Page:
A Photographic Stroll through Charleston, SC

charleston harbor


An entire issue of this little magazine could be dedicated to Charleston, South Carolina.

One of our favorite cities to date, among big shots like Seattle, San Francisco and Austin, the city is simply overflowing with history, culture and class. Bars and coffee shops abound. Tourists fill in the spaces between locals rushing around in suits making the work day go ’round and the lesser fortunate–depending on who you ask–panhandling, busking and otherwise looking for a buck.

We’ll keep the words short and the photos as large as we can this time around. Welcome to Charleston, enjoy.

a sticker on a volkswagen bus reads The Fast Lane is Overrated
A sticker on the back of an old Volkswagen Bus speaks great truth. Though Charleston is generally populated by lots of hip, chic youths, its hippy population is evident upon closer observation.
a church behind the silhouette of tree branches
Known as the Holy City, hundreds of churches from a vast variety of denominations boast their architecture; and the big dollars gone towards creating their magnificence instead of helping mankind. Carolina was one of only a few of the original colonies which tolerated all Protestant religions. Catholics, on the other hand, would arrive to find the same type of persecution Martin Luther spawned.
a traveling trunk like might be used in the days of trains
This tribute to days of long train rides traveling the country was found in a window of an upscale boutique on Charleston’s King Street.
an alley full of people and restaurants, ivy lined, in Charleston, SC
Tucked away from the more bustling main streets, little alleys like this, ivy lined and packed with small cafes, wax reminiscent of European streets.
a palm tree lit with christmas lights
Charleston has no shortage of city parks, most of which have some type of interesting, if not unique, feature. Case in point, palm trees light up the night in Marion Square.

two photos, one of a red door against a worn wall, the second a trolley

charleston customs house

a house numbered 22
Worn siding and paint is a delightfully common part of the ambience in the city.
the inside of a bar lined with various types of currency from around the world
Our favorite bar, the Griffon on Vendue Range Street, offers all the beers we like in a setting that mixes foreign currency wallpaper with dive-bar-meets-upper-middle-class.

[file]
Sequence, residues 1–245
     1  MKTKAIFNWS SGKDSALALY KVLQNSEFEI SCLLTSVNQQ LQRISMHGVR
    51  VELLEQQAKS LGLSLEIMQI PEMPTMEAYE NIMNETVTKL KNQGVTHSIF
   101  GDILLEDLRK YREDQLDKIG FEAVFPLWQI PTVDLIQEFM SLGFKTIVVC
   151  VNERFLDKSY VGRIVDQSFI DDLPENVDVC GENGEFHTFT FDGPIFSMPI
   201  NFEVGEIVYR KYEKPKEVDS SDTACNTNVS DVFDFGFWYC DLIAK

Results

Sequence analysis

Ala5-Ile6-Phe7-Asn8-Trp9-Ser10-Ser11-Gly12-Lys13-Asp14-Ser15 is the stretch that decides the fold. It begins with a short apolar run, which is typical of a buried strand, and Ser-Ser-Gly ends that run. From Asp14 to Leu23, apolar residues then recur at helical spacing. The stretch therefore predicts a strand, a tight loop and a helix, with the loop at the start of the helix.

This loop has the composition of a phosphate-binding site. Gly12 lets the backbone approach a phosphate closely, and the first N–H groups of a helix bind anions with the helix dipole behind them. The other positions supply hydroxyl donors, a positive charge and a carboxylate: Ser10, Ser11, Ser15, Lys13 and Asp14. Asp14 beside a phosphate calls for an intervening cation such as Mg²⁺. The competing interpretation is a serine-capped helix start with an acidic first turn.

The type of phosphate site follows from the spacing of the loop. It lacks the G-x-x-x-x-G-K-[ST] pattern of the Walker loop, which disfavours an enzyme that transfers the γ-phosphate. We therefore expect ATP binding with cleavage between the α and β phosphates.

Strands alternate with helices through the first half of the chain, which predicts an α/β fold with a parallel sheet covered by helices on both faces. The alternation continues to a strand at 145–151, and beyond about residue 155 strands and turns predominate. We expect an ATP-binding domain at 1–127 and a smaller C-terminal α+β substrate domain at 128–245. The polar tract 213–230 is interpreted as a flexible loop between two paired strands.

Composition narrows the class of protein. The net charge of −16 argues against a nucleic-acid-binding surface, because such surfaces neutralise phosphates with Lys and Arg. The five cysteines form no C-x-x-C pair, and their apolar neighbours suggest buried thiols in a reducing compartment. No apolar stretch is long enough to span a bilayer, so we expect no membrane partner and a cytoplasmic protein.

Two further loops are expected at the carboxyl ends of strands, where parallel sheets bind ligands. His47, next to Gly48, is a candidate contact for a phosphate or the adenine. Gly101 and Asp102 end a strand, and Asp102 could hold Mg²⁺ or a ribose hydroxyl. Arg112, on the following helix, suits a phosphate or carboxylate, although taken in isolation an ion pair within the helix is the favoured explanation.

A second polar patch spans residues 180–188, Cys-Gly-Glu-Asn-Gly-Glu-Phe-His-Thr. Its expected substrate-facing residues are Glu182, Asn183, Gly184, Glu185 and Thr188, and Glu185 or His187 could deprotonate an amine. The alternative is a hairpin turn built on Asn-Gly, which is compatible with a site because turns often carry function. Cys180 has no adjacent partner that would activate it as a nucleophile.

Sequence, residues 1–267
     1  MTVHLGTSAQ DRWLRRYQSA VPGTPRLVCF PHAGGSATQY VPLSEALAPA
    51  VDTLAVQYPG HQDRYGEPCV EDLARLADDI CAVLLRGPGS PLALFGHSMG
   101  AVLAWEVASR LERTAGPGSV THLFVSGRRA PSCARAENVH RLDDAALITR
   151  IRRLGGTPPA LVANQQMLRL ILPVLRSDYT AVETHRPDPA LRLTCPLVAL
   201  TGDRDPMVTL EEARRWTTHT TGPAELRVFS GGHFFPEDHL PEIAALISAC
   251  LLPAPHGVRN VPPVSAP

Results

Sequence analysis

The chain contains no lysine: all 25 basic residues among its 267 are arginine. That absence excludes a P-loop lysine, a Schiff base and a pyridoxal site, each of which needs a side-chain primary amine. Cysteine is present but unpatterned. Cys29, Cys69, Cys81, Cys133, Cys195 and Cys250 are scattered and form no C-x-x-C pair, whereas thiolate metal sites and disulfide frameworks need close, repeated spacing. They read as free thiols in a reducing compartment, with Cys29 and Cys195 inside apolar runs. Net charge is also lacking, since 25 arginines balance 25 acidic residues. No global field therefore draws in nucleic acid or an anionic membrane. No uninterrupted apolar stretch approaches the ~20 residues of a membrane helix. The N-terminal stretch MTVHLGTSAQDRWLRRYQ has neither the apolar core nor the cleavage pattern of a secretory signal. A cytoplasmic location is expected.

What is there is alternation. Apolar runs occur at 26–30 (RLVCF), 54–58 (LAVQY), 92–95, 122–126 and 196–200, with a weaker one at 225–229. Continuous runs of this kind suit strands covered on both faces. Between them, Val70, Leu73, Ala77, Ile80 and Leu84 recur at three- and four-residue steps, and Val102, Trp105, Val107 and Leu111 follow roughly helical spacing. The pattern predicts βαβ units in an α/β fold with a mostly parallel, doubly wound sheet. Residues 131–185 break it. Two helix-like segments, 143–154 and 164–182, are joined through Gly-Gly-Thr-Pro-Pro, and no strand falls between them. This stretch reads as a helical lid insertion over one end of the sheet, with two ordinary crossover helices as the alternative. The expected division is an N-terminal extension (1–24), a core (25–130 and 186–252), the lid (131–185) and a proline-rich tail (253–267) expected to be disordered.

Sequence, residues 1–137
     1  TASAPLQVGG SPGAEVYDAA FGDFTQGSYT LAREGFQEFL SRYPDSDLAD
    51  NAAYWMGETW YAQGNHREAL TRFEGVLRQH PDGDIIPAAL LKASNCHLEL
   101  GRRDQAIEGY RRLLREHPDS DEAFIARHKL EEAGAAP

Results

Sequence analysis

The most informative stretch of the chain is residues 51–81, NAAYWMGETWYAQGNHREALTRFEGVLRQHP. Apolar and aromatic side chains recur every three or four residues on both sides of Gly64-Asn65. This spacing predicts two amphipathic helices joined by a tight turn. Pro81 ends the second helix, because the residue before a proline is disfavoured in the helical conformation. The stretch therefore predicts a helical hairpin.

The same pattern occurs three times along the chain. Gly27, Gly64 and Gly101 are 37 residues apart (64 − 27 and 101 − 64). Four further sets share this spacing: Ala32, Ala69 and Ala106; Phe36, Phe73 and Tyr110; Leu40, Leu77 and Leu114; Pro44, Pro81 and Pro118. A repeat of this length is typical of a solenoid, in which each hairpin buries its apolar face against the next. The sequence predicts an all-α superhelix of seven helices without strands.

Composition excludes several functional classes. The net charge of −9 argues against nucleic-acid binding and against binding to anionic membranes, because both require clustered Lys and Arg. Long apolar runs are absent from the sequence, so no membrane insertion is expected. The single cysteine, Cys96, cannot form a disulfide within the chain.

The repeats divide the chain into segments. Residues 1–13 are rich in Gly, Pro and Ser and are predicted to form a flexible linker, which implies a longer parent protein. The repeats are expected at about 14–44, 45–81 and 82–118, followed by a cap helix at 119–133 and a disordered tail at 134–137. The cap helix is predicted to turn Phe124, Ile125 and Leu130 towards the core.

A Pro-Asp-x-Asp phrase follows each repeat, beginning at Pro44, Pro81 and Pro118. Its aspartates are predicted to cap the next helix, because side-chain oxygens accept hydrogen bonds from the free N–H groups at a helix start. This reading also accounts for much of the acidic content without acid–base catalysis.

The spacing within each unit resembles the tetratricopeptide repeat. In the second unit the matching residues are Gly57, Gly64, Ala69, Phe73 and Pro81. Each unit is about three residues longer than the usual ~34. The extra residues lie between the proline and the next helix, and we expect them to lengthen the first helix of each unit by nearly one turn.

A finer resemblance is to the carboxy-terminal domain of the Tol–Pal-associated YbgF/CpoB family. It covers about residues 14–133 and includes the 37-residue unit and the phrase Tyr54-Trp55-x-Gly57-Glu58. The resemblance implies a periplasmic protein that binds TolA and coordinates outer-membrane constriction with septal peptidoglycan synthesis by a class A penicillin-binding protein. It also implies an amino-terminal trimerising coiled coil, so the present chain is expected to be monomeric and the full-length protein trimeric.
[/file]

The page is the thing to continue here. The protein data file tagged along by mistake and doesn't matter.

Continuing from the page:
19th century architecture
Mansions hang on to decades of decadence gone long by…
a square cut in a bush, a house through the hole made
…while nature is allowed to take its course, even if a hole or two might need cut through for viewing.

a boy plays with toy boats in a museum

a sign reads carriages board here
Like every town on this Southern Atlantic roadtrip, Charleston is happy to offer carriage rides through its historic streets.
The city is, in general, simply a gorgeous place. From an abiding respect for local stores to high end boutiques selling items only the super rich would ever think of purchasing, from grand old architecture to well groomed parks, you can just choose a direction and start walking, certain that your every footstep will lead to a new good look.
boats docked in charleston harbor
The Ashley and Cooper rivers meet to form Charleston Harbor, which aside from being a modern day boaters paradise, was the site of the first successful submarine attack when the H.L. Hunley, a Confederate vessel, destroyed the much larger USS Housatonic, only to sink shortly after.
a chandelier made of antlers hangs in a church
Located in the Old Seamen’s Chapel, the Mad River Bar & Grille was more fraternity than fraternal, but a welcomed break from some of the more packed establishments in town. They’ve also got a great outdoor area.

a diner

two photos, one of the entrance to a graveyard, another of stones within it

gravestones try to free themselves from overgrown bushes surrounding
Grave stones in the Unitarian Church on Archdale Street.
some grass grows in the cracks of a wall
Just as the afore mentioned cemetery is acknowledgement of life growing in death, this tuft of grass growing from a crack in a wall a few blocks over shows how nature desires continuance despite the obstacles of man.
a fountain at a hotel
Charleston’s Historic District is full of elegant hotels offering extravagance and liesure as a place to retire after walking the miles and miles of available explorable city.
red brick stairs welcome you to a hotel in the historic district of charleston
The brick stairs of the Meeting Street Inn.

sunrise over a pier at charleston

a pineapple shaped fountain
This pineapple shaped fountain in the Waterfront Park is fair game for those who’d like to cool off under its dripping audacity.
the powder magazine
The oldest surviving public building in the Carolinas, the Powder Magazine played a key role in the Revolutionary War efforts of the area. Built to house explosives, it was designed in a way that if their was an accidental explosion, the force of the blast would shoot up, through the roof, sparing neighboring buildings and passers-by.

an old sign reads vegetables

the cornerstones of a building

a wall of pure ivy, a white window pokes through
Ivy long claimed this building as home, though a single window was allowed to persist.
a patched up brick wall, a blue door
Patchwork walls and a striking blue door, evidence of the laid back classy charm the city cannot help but ooze.

two photos, each of the beer discussed on the page

a young boy runs from the barred windows of an old jail

the roof of an old ceiling

an orange wall with a black iron gate
More architecture around Charleston.
windows on a brick wall
…and more.
a massive live oak tree
This is the Angel Oak, believed to be the oldest tree east of the Mississippi. At some 400 or so years old, this Southern live oak cloaks visitors en masse everyday beneath its 17,000 square feet of shade.